After the mysterious William Shakespeare, Charles Dickens is probably ranked second in the all time greats of English writers — though to compare them is difficult as they lived more than two centuries apart and wrote in differing genres.
Neither is it possible to do a credible analysis of the Bard’s birth chart as we don’t know when exactly he was born, whereas we do know when Master Charles Dickens arrived in this troubled world.
It must have been pretty cold that late winter evening in 1812, in the famous port of Portsmouth on the south coast of England. At the time, the mutable earth sign of Virgo was rising on the eastern horizon. I think this pretty much correlates with a known part of the great Victorian writer’s character.
Virgo is always seen as analytical and critical, fussy and fastidious, with the keenest eye for detail and thereby a quick learner. The rising sign gives a good idea as to our approach to life, not necessarily revealing our inner nature.
As the young Charles grew up, this grasp of minutiae was serve him especially well, though this same quality might have led him along many different routes, not necessarily along a literary one. Virgo’s approach could be said to be scientific, though Charles basically lacked a full formal education of the time, for which we perhaps ought to be grateful; had he received one, he might well have chosen a different path and we might never have heard of him.
A Tale of Two Writers
Intriguingly, this may be one of two factors which the young Charles shared with Shakespeare of Stratford Upon Avon, who also appears to have not finished his own formal education. We do know that Dickens worked for a time in a law office in London, which some suspect the young Bard also did back in his day, when he too arrived in London during his so-called ‘missing years’. Dickens was a keen theatre goer too and may have grasped ideas of characterisation from that colourful arena. Virgo is a very keen observer indeed.
With Virgo rising, its ruler, Mercury, becomes the ruler of the chart. Interestingly, Hermes is placed in the cardinal earth sign of Capricorn in the 5th house. Mercury in Capricorn is practical, realistic, systematic and ambitious.
A Serious Mind — With a ‘Twist’
But this Mercury is also in a positive aspect with Uranus, ‘the magician’ in the 3rd house, also associated with the mind. In other words, his mind was practically inventive — with a twist of genius, one would suspect.
Mercury in Capricorn denotes a mind which must see definite results from the considerable effort put in, mentally. The 5th house is the creative arena, where children of the mind are hewn, served by the brilliance of Uranus from the third house.
Saturn is also in its own sign of Capricorn in the same house. He is powerfully placed here, underlining the seriousness in which he applied himself to his creativity. At times it must have been a joyless experience — but he was determined to succeed.
Here then is part of the root of his ambition as a writer; what he may have lacked in education, he made up with in sheer graft and more than a little invention. His prodigious output is testimony to that, with 15 novels, five novellas, hundreds of short stories and non-fiction articles, as well as countless letters.
But this is only the beginning of the extent of what was a very well developed mind. If Mercury gives an indication of the general everyday quality of mind, then Jupiter reveals the more expansive and aspirational side.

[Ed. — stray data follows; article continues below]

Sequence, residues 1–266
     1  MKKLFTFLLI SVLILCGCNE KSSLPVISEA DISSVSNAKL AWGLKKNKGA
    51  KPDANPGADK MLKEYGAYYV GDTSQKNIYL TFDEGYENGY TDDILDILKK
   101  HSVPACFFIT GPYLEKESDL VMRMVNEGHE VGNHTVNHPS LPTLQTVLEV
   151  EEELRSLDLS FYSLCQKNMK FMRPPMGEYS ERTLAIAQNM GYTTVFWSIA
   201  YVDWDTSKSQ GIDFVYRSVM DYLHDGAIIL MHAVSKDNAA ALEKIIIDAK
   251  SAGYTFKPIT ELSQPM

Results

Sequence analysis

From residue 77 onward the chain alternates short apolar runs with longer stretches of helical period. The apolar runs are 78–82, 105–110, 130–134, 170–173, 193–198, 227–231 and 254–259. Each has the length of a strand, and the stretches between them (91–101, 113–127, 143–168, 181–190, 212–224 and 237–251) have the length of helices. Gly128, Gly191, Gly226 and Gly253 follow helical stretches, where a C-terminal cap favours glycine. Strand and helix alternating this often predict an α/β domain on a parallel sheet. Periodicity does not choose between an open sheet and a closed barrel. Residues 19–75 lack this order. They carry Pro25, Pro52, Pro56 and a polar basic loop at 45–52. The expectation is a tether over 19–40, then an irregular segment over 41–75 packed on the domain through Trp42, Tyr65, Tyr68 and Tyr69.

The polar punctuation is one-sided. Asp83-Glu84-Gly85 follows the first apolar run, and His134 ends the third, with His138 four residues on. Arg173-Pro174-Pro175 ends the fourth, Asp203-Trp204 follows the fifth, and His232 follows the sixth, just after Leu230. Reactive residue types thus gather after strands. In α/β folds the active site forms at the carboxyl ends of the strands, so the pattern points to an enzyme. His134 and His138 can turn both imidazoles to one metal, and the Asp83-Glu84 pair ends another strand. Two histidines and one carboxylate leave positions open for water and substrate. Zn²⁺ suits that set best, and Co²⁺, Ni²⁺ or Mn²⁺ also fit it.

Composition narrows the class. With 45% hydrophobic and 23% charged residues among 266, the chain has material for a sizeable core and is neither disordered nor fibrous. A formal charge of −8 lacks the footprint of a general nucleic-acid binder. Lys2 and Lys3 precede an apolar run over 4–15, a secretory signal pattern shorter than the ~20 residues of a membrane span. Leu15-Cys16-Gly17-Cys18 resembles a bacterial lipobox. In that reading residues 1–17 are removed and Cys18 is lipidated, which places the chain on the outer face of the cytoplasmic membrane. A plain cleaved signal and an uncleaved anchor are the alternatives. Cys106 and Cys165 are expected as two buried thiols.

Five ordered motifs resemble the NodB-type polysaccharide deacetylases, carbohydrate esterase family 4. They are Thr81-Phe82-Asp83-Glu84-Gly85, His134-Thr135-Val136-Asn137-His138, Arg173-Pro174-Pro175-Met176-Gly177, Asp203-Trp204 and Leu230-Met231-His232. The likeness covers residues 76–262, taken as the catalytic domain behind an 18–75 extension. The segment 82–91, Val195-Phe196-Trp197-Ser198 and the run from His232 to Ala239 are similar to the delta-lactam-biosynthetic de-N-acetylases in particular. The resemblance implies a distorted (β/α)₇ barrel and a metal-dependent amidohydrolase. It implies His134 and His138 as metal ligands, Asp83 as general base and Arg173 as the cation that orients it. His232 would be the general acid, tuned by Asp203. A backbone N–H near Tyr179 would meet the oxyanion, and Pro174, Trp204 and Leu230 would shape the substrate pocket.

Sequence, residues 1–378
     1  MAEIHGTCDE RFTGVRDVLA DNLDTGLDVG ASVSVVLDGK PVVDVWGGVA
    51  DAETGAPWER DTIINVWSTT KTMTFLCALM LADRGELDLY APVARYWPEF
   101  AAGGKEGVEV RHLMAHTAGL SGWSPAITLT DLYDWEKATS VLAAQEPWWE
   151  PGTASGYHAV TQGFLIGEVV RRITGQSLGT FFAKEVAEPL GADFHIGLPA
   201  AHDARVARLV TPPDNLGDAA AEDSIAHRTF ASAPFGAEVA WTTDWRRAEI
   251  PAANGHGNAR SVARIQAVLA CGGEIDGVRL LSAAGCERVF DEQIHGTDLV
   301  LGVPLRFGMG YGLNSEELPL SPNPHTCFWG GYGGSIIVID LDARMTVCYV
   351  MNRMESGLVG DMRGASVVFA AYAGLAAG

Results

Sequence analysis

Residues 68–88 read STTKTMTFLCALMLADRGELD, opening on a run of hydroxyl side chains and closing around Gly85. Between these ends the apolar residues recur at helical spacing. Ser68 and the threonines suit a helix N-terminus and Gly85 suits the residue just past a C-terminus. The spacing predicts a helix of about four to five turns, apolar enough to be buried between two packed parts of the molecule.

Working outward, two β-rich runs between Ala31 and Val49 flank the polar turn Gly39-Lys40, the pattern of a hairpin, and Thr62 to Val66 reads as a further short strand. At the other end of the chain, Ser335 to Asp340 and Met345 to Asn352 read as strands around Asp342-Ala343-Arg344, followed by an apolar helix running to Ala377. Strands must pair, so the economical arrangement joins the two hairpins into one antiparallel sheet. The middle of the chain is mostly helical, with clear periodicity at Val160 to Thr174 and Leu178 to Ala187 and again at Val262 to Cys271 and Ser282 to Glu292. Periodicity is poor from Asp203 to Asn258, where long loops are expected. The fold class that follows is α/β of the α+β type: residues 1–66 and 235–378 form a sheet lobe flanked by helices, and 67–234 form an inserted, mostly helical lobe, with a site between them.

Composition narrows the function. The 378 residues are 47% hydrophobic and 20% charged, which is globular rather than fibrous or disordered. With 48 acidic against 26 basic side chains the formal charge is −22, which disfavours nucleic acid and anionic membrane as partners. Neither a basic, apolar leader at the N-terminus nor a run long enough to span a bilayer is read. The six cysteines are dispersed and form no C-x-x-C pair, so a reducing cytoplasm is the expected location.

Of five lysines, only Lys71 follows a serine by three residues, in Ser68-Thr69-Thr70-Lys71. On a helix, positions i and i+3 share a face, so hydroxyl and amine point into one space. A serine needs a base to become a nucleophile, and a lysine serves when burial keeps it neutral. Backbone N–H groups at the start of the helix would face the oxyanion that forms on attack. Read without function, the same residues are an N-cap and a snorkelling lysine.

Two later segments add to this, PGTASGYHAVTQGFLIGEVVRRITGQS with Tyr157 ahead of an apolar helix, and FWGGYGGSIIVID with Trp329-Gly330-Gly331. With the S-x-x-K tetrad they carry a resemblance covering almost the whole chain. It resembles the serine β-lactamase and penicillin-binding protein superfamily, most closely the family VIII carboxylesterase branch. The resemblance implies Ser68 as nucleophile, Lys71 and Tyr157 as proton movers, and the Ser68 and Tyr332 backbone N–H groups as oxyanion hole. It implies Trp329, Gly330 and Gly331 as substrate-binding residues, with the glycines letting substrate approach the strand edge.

Dickens’ Jupiter is found in the mutable air sign of Gemini, high up in the tenth house of goals and career. Here is great flexibility, plus a curiosity and restlessness, a quality which he could apply to his career as a journalist, writer, as well as a lecturer and performer. There was something of the showman about him.
The 3rd and 9th houses are also indicative of the quality of mind. A Scorpio 3rd house in the whole sign house division method, reveals a mental intensity and investigative quality, bolstered here, as I have already stated, by the presence of the eccentric Uranus.
A Well Developed Mind
What is more, the ruler of Scorpio, Mars, is found in fiery Aries in the 8th house. Here is a person of some energy and verve, even a quick temper, but who applies it in the area of shared security, deeper concerns, such as investigation. Had he pursued his early career as a journalist, he might well have reached great heights there too. But he had his own path to follow.
His 9th house (higher mind again) is Taurus, ruled by Venus, which is found in sensitive and sentimental Pisces in the 7th house, closely conjunct the then undiscovered Pluto. Venus in Pisces has strong feelings, an almost spiritual ability to empathise with others, especially so in the 7th house of relationships. He definitely had the ability to put himself in other people’s shoes.
The Pursuit of Social Justice
Pluto here only deepens this tendency; this may well correlate with his lifelong pursuit of justice for the poor and particularly poor children, whose plight he described so movingly in many of works. To say this man had a social conscience would be an understatement.
Equally, we also know that Dickens’ was a very fine mimic, able to take on the persona of others that he came across; this also correlates with his Venus/Pluto conjunction in Pisces in the 7th house. There is little wonder that when it came to portraying characters in print, he was able to make them seem so realistic, his Virgo ascendant giving him the ability to fine tune those intrinsic qualities of character.